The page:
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Phuket – Commercial exploitation of rare Sea Eagles

Sunday, January 31st, 2010

© 2010 Frank P. Schneidewind

 

Kata Viewpoint is a prime photo spot and lookout on Phuket Island in Thailand. It is a frequent stop for the hordes of bus tourists from Singapore and China, the platform gets really busy at times, when they flock in. They’re usually gone after their 5 minute stop, there are a few dozen more click-happy photo stops for these folks.

Many foreigners rent Jeeps, mopeds or scooters – a lot of them have a break here, after their hill climb on the narrow and dangerous coastal road. The view is fantastic, Kata beach can be seen, Karon and Patong in the far.

Opportunity lingers here, with plenty of holidaygoers coming by, there is a refreshment stand, a souvenir stand with overpriced gimmicks and T-Shirts and the Eagle-man, famous since the January 2010 knife stabbing of a German expat near Chalong. One of Eagle-man’s sons was arrested here on-site by local police and now faces trial in court.

UPDATE: Here´s a link to a Phuket Gazette article with the newest infos to the murder case

UPDATE 2011: The Phuket Sea Eagle Man has been sentenced to 13 Years in Prison – for more info see the article in Phuket Wan

Pictured here is a son of the Eagleman in 2008, he may or may not be the accused knife murderer. I am familiar with the Eagle-man since right after the Millennium, these photos date from a variety of trips. Phuket before the chronical Taxi- and Tuktuk-mafia’s scamming was a destination several times per year on my agendas!

The man in the right of this photo below, is the Eagle-man himself, doing his questionable businesss and exploits the rare birds for a hefty fee per click!

The birds aren’t  really tame, their ability to strike is not hampered – which countless tourists found out painfully!

They are tied to their post most of the time. I questioned the Eagle-man myself over the years and his story about eagle babies, raised as orphans, still rings in my ears. He claims that locals from Phang Nga and Phuket brought him those animals when they, were unable to fend for themselves.

Phuket media kicked up the exploit for a short while, but crime-ridden Phuket has a constant flow of stories to tell. Deadly tourist drownings, boat accidents and numerous unexplored deaths by foreigners, barfights scramble for attention as front-page issues. Traffis accidents, gun wielding Jet-ski scamsters and busted foreigners (for a medication they carried), are always in combat with ladyboy-stories and openings of yet the next money-magnet to the foreigner-crowds.

The Eagle-man and his public exploit of protected animals on public grounds prevailed!



Polaroid photos for 200 Baht were hefty in 2003, 50 Baht before the dawn of digital cameras in cellular phones and click-happy busloads of discount-airline tourists netted Eagle-man nice profits daily. He long has upgraded his tricycle to a decked-out black pickup-truck to transport his feathered prisoners to and from home nearby (towards Chalong). The charges for Polaroids remained stable for years, but the “permit” to take a picture with own equipment was already doubled by 2007.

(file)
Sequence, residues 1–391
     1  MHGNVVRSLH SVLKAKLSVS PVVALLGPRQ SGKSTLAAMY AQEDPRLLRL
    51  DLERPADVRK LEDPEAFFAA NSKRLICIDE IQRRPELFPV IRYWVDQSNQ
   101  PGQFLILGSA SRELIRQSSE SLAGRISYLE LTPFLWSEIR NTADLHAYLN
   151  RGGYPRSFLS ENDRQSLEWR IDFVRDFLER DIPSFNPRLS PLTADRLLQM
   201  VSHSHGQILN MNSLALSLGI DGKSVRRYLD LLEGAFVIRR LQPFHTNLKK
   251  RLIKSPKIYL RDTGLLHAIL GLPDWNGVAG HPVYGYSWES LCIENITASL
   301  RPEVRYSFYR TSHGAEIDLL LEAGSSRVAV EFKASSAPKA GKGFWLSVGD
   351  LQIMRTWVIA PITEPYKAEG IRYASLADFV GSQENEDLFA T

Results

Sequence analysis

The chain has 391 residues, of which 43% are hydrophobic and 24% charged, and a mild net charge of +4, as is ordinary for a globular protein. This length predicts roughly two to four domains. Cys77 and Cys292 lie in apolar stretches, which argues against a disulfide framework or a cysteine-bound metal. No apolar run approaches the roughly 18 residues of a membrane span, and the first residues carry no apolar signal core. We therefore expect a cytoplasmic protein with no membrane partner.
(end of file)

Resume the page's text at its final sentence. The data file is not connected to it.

Cool idea, to have a business without the need to pay rent or tax – but to exploit endangered species for that?

Surely, Phukets local law enforcement and government would have to answer questions elsewhere But where money is being generated, TAT and all officials may close their eyes over years of cash-flow for Eagle-man.

WWF would have a ball, but where are they? Where are Animal’s Right’s Activists?

Elephants, apebabies, snakes and reptiles are exploited nationwide in Thailand, the smaller ones are being carried into Beerbars and eateries, touted to the walking ATM’s on two legs from overseas. This here was entirely different, one Eagle-man, one location, many years. Are there investigative journalists on Phuket worth their money? Are they producing so frequently, that a few birds don’t count?

In the picture below, one son ties the birs up for transport on a pickup-truck around the middle of the decade, probably just a year prior to the big tsunami in the Indian Ocean, which left so many dead on Phuket, Khao Lak and other places.

Tied to a wooden bar, the transport itself won”t allow an opportunity to fly. Speeds driven during the transport downhill from Kata viewpoint were mindboggling. I risked it a bit and tried to hang on with a small scooter, but to no avail!

The sharp claws of these birds of prey were in part covered with silicone rubber, which reduced skin damage for the tourists maybe, but it surely also made it difficult to hang on to the pickup truck for them!

The eagles and hawks situation here leaves many unanswered questions. I didn’t study biology or ornithology, so I can’t really tell what these birds need. I feel sorry for them, being a freedom-loving person myself. Melona and I spend countless hours in Ream Nat’l Park, over in Cambodia or on Pulau Langkawi in Malaysia. There I didn’t witness any exploitation of them, but we loved to watch the majestic birds from our canoe in the mangroves. Here they can be seen close-up for sheer profits of the Eagle-man.